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COVID: Mask question answered

| December 30, 2020 1:00 AM

I feel I need to respond to the question that Janet Cooke raised in her Letter to the Editor. She asked, “If infected health care workers numbers are continuing to climb in Idaho, how can they say that masks are effective?”

In high risk areas, health care workers use a specialized mask, the N95. These masks are designed to be a single use item. Because of the national shortage of the N95 mask, health care workers are having to reuse their masks.

Studies are just being done about how decontamination techniques affect the efficiency of the mask. Initial studies show that the integrity of the mask decreases each time it is decontaminated. Decontaminating a mask with UV light, as is done at Kootenai Health, is one of the top recommended ways to decontaminate a mask. Recent studies show that decontamination with UV light renders a mask below an acceptable level after the third UV light treatment.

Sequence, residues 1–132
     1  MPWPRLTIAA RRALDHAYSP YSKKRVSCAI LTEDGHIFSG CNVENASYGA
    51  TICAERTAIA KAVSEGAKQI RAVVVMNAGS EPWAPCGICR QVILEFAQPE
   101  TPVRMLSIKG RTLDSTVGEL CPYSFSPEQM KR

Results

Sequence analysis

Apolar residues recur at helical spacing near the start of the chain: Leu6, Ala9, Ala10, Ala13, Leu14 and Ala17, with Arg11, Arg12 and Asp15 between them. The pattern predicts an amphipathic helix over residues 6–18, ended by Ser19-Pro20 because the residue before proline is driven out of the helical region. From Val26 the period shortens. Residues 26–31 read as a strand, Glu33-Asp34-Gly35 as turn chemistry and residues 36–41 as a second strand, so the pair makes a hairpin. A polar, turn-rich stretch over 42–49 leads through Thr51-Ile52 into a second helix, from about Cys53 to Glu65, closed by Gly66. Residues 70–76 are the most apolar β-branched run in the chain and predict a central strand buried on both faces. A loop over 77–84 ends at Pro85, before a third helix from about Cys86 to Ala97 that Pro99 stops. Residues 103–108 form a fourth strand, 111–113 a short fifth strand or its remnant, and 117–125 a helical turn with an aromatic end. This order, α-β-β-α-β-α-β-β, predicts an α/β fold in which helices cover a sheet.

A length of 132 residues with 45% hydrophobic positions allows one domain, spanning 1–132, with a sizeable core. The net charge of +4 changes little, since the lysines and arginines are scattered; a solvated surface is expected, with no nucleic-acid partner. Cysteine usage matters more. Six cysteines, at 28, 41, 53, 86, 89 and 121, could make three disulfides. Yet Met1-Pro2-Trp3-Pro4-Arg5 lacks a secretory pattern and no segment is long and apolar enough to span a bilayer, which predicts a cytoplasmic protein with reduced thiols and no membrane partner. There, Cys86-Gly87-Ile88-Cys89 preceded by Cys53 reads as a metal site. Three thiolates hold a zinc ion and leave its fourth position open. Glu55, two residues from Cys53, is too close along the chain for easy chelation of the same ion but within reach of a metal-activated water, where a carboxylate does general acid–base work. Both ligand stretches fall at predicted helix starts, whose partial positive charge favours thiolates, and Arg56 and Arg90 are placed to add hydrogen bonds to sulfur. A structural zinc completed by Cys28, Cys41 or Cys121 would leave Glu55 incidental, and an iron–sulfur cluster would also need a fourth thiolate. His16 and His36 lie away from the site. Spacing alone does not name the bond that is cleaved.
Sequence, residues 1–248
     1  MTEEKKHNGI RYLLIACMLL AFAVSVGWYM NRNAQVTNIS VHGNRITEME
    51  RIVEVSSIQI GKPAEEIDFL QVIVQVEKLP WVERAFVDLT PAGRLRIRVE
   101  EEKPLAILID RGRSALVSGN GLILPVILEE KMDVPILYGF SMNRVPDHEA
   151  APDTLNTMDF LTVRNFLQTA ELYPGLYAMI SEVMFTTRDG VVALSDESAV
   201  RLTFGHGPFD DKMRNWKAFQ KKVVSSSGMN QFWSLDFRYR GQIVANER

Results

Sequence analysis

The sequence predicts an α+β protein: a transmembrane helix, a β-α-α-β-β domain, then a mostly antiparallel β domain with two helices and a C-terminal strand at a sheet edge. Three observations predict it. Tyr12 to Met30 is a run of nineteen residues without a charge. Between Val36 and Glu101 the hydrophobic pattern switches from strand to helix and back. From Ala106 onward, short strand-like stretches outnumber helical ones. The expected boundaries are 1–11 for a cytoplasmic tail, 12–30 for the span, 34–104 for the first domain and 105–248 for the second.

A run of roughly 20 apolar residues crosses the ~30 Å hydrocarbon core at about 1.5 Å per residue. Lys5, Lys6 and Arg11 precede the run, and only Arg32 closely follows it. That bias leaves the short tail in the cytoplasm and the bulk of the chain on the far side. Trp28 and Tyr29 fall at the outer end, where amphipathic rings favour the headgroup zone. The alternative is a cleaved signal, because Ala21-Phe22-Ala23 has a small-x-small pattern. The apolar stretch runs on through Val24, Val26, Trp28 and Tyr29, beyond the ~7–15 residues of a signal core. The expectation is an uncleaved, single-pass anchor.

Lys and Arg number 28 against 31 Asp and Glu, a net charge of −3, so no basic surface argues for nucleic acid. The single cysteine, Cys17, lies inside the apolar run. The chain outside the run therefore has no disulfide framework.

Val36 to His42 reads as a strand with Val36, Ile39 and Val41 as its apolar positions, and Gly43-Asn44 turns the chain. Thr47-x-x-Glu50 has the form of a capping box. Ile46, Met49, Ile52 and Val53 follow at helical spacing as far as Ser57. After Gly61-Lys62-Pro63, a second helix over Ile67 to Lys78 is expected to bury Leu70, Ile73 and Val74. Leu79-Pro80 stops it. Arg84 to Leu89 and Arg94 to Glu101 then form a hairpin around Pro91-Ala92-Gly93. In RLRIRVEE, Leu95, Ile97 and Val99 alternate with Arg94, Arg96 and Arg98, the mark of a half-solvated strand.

Patients on ventilators require frequent repositioning. While turning a patient, the tubing can pop off the endotracheal tube and blast the caregivers with aerosolized virus. Non-vented patients require high flow oxygen which also aerosolizes the virus. These patients cough, cough, cough. A patient who decompensates and requires an ambu bag (manual ventilation) until they can be placed on a ventilator will also aerosolize the virus. The scenarios go on and on.

Health care workers are like the rest of us in that many have pre-existing conditions such as diabetes and other auto-immune disorders that put them at a higher risk. Fortunately, our staff at Kootenai Health have not had to deal with the extreme shortage of PPE (personal protective equipment) that places like New York had where staff were given one N95 mask per week and had to wear garbage bags for protection.

I hope the day will come quickly when our health care workers can return to using the N95 mask per the recommendations of the manufacturer — as a single use item.

JENNIFER DORN, RN

Coeur d’Alene